By Rev. Ernesto Bathermy
The Bible teaches that God calls individuals into different ministries for the benefit of the community of faith, which is the Church, and for building up the Kingdom of God. This calling is obvious in the close relationship between the spiritual gifts and the One who gives them. Nevertheless, we must ask, if it is God that calls and if He is the one who gives the spiritual gifts necessary to develop our ministry, why are many of us serving in ministries that seem to fail to accomplish His divine purposes?
Many ministers become frustrated to such an extent that they abandon the ministry. A true understanding of our responsibilities as pastors can free us from paralyzing and destructive frustrations. In the next two entries, I will try to guide us to a better understanding of the pastorate and provide some fundamentals for a more rational pastoral practice.
The image of a Pastor in the Old Testament
The concept of a pastor that we find in the New Testament comes from an image or metaphor of a shepherd that is rooted in the Old Testament. God used this image to describe his relationship with Israel, his people and the religious leaders in the time of the prophets.
The prophet Isaiah presented the Lord as a shepherd when he wrote, “He tends his flock like a shepherd: He gathers the lambs in his arms and carries them close to his heart; he gently leads those that have young.” (Isaiah 40:11)
The prophet Jeremiah, like Isaiah, tackles the subject in a general way when he writes that the role of a shepherd is to find land for his sheep to graze and care for his sheep. These two ideas are quite broad. Though grazing focuses on feeding the sheep, caring for them emphasizes his protection.
The prophet Ezekiel tells us that part of the work of the shepherd should be to strengthen weak sheep, heal their sickness, bind up their wounds, bring back the strays and search for the lost. (Ez. 34:4)
In Psalm 23, the psalmist talks about Jehovah as his shepherd, while he presents himself as a sheep. A shepherd supplies all of his needs. Verses 1 and 2 show a shepherd that meets the nutritional and material needs of his sheep. Verse 3 appears to refer to socio-emotional needs, while verse 4 apparently refers to spiritual needs. All of these elements demonstrate a picture of a shepherd that feeds, consoles, cares for, guides, and is present with his sheep.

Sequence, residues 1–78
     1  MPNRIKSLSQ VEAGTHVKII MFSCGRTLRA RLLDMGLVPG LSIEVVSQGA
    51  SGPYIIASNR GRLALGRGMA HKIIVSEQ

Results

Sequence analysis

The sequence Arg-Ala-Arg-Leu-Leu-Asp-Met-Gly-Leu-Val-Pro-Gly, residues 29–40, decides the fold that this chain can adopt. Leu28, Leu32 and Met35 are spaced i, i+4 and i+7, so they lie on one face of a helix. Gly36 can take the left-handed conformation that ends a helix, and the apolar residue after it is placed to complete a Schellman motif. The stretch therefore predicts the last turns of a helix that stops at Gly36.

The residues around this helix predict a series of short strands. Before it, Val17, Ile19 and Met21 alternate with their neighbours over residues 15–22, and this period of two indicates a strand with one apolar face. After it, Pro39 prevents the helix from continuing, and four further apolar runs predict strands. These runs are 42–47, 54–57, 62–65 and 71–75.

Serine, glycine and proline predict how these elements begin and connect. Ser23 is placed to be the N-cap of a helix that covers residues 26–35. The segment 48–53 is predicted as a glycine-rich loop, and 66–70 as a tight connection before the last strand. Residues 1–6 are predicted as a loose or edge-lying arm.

The image of a Pastor (Shepherd) in the New Testament
In the New Testament, the disciple Luke, the Lord Jesus, the Apostle Paul, the writer of Hebrews and the Apostle Peter all speak to us about the work of a pastor.
In Luke 2:8, Luke writes about the shepherds who heard the news of the birth of the Messiah while they were “keeping watch over their flocks at night.” That detail demonstrates that shepherds were accustomed to spending the night with their flocks so they could care for them constantly.
In John 10:12, Jesus says that when a hired hand sees a wolf, he will leave the sheep and run away, but the good shepherd will give his life for his sheep. He helps us to understand that the shepherd is the one responsible to care for the sheep. It is work he takes extremely seriously.
John 21:15-17 is a revealing passage. Jesus asks Peter if he loves him three times. After Peter’s first response, Jesus tells him, “Feed my lambs.” When he responds the second time, Jesus tells him, “Take care of my sheep.” After the third time, he adds, “Feed my sheep.” In verses 15 and 17, the verb that Jesus uses is bόskw(bosko), which translates as “to feed,” and means “to feed or provide food.” But in verse 16, the Lord uses the verb poimaίnw(poimaino), which translates as “to shepherd.” It carries the implications of caring for, guiding, governing and defending.
In Acts 20:28, the Apostle Paul refers to the elders of the church as “overseers” who the Holy Spirit has placed “to shepherd the church of God.” In Hebrews 13:17, the writer says that church leaders keep watch over the souls of the believers.
It is plain to see that the image of a pastor is important in both Old and New Testaments. Now that we have examined this biblical foundation, in our next post I will explore some principles and applications of pastoral ministry.
*Rev. Ernesto Bathermy is the pastor of the Celestial Vision Church of the Nazarene in Los Alcarrizos, Dominican Republic. He is also the Dominican Republic Central District Superintendent and Rector of the Dominican Nazarene Seminary.